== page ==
Sightings of invasive ladybird swarms, which migrate to the country on mild autumn winds, are being reported across Britain.
The alien bugs, known as Harlequin ladybirds (Harmonia axyridis), are larger and more aggressive than other species which they have been known to devour. Some may also carry a sexually transmitted infection - a fungus called Laboulbeniales, which causes strange yellow growths.
They are regarded as the most invasive ladybirds on Earth and have been partially blamed for the decline of seven native species in Britain. The ladybirds first reached the UK in 2004 and have since been named by scientists as the country's fastest invading species, turning up everywhere from Cornwall to the Shetland Islands.
They are varied in colour, displaying red, orange or yellow-ish markings.
The fungus they carry, which can be passed on through mating or very close contact, could potentially pose a threat to native species that are already struggling with habitat loss and dwindling numbers. Scientists are unsure how harmful the fungus is exactly, but it is possible that it affects the egg production process in females, according to the UK Ladybird Survey.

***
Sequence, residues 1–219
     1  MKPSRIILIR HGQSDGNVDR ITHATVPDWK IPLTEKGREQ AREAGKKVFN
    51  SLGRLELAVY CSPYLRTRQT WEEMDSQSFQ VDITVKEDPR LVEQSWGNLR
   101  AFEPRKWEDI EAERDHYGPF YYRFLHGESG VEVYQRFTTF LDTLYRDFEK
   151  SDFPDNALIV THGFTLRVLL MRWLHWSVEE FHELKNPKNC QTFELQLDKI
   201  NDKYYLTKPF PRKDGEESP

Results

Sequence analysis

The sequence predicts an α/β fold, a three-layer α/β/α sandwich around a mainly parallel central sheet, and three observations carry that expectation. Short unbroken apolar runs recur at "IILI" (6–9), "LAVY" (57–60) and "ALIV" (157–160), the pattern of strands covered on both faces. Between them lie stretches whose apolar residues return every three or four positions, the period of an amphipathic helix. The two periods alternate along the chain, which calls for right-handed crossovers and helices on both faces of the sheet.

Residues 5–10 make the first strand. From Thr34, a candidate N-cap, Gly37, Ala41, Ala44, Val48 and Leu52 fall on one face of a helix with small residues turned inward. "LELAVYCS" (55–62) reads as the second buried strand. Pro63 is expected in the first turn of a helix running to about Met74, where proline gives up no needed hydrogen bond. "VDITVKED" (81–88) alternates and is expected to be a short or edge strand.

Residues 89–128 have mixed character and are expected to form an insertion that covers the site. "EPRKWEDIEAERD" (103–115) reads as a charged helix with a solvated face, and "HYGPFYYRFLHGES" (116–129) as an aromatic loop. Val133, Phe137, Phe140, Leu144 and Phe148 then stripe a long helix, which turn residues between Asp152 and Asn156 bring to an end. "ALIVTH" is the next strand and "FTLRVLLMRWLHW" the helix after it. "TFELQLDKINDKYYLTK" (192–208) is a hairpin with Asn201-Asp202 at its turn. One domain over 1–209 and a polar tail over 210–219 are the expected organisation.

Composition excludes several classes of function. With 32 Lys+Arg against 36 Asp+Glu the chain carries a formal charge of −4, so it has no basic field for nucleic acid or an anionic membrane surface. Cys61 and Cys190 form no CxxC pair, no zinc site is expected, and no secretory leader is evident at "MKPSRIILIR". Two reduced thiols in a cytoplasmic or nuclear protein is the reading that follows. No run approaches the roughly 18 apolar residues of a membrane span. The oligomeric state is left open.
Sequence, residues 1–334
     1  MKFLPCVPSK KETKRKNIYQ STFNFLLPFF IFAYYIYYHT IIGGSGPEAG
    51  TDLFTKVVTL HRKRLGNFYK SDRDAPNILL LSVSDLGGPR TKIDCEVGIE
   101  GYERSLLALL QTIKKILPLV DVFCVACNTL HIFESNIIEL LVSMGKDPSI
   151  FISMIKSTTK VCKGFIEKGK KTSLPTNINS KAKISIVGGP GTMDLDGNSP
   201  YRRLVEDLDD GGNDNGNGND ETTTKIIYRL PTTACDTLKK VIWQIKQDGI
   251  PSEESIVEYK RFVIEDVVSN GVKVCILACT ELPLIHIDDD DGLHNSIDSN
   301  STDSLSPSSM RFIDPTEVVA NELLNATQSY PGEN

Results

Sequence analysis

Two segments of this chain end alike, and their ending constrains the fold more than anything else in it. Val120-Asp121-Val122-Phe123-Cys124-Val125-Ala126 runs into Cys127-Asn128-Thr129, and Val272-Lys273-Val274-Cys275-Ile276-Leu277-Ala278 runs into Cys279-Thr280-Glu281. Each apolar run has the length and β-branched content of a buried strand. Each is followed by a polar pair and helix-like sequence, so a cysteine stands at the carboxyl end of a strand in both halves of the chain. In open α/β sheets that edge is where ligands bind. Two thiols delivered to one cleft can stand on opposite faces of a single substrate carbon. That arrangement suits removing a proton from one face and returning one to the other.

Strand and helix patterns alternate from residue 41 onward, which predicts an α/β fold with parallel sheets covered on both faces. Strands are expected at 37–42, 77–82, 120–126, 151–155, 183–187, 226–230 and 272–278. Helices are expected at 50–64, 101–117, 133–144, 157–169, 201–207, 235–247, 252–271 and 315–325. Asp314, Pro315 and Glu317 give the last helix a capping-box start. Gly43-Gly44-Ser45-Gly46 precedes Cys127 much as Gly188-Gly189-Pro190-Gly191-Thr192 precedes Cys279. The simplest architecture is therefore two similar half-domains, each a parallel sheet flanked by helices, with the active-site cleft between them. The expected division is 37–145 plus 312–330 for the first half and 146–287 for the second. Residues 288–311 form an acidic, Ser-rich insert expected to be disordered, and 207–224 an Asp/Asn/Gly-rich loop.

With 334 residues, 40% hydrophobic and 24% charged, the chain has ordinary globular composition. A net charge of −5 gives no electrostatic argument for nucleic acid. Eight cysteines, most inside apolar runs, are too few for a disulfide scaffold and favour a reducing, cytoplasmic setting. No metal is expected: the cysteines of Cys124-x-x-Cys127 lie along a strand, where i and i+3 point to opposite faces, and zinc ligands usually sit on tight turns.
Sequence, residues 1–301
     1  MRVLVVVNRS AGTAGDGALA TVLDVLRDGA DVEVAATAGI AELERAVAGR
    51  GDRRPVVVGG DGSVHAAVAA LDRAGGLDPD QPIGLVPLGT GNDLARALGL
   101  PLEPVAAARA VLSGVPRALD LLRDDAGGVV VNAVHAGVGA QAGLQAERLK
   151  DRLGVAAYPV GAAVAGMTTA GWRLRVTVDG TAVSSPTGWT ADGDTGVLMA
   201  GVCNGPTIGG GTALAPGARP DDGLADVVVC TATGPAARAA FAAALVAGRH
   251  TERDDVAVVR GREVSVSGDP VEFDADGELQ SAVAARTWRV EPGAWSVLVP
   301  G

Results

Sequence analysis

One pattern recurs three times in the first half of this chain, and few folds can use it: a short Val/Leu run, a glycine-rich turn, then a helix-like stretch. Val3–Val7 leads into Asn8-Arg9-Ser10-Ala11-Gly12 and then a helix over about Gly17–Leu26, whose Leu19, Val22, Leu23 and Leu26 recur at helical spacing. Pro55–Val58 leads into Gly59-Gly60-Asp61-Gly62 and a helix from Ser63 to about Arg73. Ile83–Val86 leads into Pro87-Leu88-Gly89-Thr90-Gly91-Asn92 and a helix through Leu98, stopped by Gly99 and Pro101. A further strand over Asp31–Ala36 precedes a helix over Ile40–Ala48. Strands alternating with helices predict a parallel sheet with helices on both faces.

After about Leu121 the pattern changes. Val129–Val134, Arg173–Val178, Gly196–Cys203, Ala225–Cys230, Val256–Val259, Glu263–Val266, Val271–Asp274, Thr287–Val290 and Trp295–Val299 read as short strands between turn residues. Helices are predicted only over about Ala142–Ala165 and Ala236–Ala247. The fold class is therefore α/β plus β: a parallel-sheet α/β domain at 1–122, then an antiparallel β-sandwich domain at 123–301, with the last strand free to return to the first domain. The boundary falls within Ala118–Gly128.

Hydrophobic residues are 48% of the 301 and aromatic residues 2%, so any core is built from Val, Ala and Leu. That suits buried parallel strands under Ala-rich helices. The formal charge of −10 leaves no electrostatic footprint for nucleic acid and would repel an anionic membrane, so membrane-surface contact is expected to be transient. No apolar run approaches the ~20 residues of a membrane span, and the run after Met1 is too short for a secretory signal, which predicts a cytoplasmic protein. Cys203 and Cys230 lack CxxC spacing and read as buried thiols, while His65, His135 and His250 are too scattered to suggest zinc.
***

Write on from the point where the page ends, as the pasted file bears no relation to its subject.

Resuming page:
Laboulbeniales is also found in other insects and arthropods – the larger group of animals that insects belong to, which also includes spiders and crustaceans.
While the fungus poses no threat to humans, and the bugs themselves are not poisonous, they can leave behind an unpleasant chemical smell in the home and may cause stains on furniture.
Experts say the best and most humane way to remove them from the home is by using a glass and a piece of card.
The Harlequin ladybird is native to East Asia but has been artificially introduced to the US and Europe, after which it rapidly spread to Canada and even a few South American and North African countries.